Home > I Am a Japanese School Teacher > The Cow’s Worst Enemy

The Cow’s Worst Enemy

I flew home to America for Christmas. Well, after Christmas technically because it’s cheaper that way, but I went back during the holiday season. By that point, I’d been in Japan for almost 5 months.

I was also starved for a good steak. Japan has beef, but not real beef. It’s tiny little strips, a quarter of which is fat, and they barely cook it! I suffer at yakiniku, which is where they bring you raw meat and you cook it yourself. I like my meat well done, and most Japanese people eat their beef still slightly alive (no really, raw beef is actually considered a delicacy here). So I wait for the meat to get really cooked, but before a piece can reach its full taste apex someone else plucks it away. It’s a goddamned shame.

Hamburg is more popular, which is a hamburger patty dressed up on a plate real nice, but it’s still just a hamburger patty and that’s not special. I know some of you are thinking about Kobe Beef, which is apparently famous because the cows are massaged or what-the-fuck-ever. I don’t need my cow to be treated like a fairy princess. No, I want it American style. Kill it, soak it in sauces, then grill that sumbitch till there’s no pink left. That’s how you do it. That’s what I was missing.

Even worse, there was that Mad Cow scare and Japan freaked, replacing many of their beef menu items with pork, or just taking them away altogether. So I was really looking forward to some good ol’ American steak. On the plane to California, I sat next to a nice Japanese guy, who lived somewhere out in San Jose and spoke English well. We talked for a little while, and he asked me if I was looking forward to returning to America. I said I was very much– to see my family, eat steak, you know the stuff any person who’s been away for a while wants to do. He noticed my steak answer and asked if I was worried about Mad Cow. I told him I was too starved for good steak to let that slow me down. “Mad Cow? They’ll be scared cows when I get off the plane,” I think I said.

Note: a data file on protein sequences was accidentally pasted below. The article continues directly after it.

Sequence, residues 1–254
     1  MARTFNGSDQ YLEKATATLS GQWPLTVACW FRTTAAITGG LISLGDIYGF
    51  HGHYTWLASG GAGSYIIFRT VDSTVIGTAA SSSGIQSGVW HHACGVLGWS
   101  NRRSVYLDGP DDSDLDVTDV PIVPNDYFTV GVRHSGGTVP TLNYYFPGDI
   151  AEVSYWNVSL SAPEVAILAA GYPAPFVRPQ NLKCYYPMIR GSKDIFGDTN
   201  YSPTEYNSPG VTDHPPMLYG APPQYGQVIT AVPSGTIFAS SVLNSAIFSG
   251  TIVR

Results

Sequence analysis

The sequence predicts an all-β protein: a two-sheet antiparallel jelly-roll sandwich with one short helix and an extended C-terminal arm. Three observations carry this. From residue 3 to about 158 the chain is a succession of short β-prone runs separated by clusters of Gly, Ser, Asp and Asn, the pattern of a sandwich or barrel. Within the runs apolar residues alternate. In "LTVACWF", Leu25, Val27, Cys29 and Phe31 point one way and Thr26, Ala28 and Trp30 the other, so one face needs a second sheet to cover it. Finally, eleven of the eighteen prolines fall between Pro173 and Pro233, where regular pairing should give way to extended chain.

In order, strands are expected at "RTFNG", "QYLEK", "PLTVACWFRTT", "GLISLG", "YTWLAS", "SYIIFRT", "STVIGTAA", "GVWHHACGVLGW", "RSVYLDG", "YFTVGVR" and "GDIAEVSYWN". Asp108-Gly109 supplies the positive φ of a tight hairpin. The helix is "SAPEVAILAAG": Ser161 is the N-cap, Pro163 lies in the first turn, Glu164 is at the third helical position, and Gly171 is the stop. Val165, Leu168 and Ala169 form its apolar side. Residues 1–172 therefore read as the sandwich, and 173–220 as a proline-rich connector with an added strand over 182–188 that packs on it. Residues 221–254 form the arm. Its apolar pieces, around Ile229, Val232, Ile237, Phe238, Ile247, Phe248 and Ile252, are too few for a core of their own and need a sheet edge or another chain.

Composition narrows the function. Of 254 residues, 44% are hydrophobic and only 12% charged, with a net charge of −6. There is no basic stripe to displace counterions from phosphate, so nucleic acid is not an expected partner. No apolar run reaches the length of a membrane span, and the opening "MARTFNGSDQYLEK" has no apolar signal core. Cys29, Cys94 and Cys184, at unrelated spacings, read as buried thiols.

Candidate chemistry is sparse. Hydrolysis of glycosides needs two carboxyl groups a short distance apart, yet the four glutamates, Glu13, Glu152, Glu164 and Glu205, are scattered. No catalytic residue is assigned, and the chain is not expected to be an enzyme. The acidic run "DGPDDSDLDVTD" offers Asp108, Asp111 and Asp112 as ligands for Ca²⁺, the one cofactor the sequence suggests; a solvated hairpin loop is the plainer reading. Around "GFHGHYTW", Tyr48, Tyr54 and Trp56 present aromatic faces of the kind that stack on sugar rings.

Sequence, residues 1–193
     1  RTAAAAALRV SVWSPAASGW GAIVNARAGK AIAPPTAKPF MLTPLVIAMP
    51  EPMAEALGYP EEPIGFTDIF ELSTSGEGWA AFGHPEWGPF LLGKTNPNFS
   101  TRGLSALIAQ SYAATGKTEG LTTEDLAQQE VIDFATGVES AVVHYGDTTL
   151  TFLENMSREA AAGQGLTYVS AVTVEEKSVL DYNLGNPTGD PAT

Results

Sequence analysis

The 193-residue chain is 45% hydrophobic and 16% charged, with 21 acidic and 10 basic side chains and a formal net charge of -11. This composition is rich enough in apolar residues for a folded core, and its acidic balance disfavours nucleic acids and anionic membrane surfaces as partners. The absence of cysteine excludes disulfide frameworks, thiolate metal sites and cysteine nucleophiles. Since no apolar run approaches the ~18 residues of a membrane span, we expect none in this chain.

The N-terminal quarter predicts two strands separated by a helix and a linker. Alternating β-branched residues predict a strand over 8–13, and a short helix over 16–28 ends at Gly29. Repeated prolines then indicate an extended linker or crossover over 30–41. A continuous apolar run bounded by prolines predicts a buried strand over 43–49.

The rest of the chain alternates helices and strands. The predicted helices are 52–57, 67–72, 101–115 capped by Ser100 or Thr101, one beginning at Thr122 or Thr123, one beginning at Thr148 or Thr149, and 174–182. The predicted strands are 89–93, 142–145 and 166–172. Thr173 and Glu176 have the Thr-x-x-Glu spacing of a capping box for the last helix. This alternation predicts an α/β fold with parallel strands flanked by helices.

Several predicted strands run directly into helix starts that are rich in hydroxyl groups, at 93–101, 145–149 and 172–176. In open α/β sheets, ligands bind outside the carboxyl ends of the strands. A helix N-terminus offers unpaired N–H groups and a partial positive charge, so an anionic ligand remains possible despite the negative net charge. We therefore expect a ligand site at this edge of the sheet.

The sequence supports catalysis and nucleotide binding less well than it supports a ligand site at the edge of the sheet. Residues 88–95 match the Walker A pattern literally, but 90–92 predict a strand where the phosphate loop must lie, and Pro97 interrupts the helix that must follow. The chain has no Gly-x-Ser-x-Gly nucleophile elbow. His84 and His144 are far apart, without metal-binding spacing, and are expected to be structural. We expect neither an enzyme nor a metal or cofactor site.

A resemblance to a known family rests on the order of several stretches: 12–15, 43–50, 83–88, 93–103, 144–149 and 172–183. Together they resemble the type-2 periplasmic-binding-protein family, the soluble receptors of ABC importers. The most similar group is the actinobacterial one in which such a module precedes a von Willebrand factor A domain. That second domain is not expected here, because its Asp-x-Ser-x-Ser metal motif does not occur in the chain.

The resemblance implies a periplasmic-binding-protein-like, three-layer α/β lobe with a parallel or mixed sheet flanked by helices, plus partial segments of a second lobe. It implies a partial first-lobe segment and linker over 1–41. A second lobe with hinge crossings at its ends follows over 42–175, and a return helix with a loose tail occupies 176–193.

He got a chuckle out of that and said something I have not forgotten to date, “Ah, so one might say you are the cow’s worst enemy.”

I just found that hilarious– the way he said it, the way it was phrased– “one might say.” Ever since, I’ve been working that into my everyday conversations on the regular.

And if you’re wondering if I tore up some steak when I got back to America, one might say that I did.

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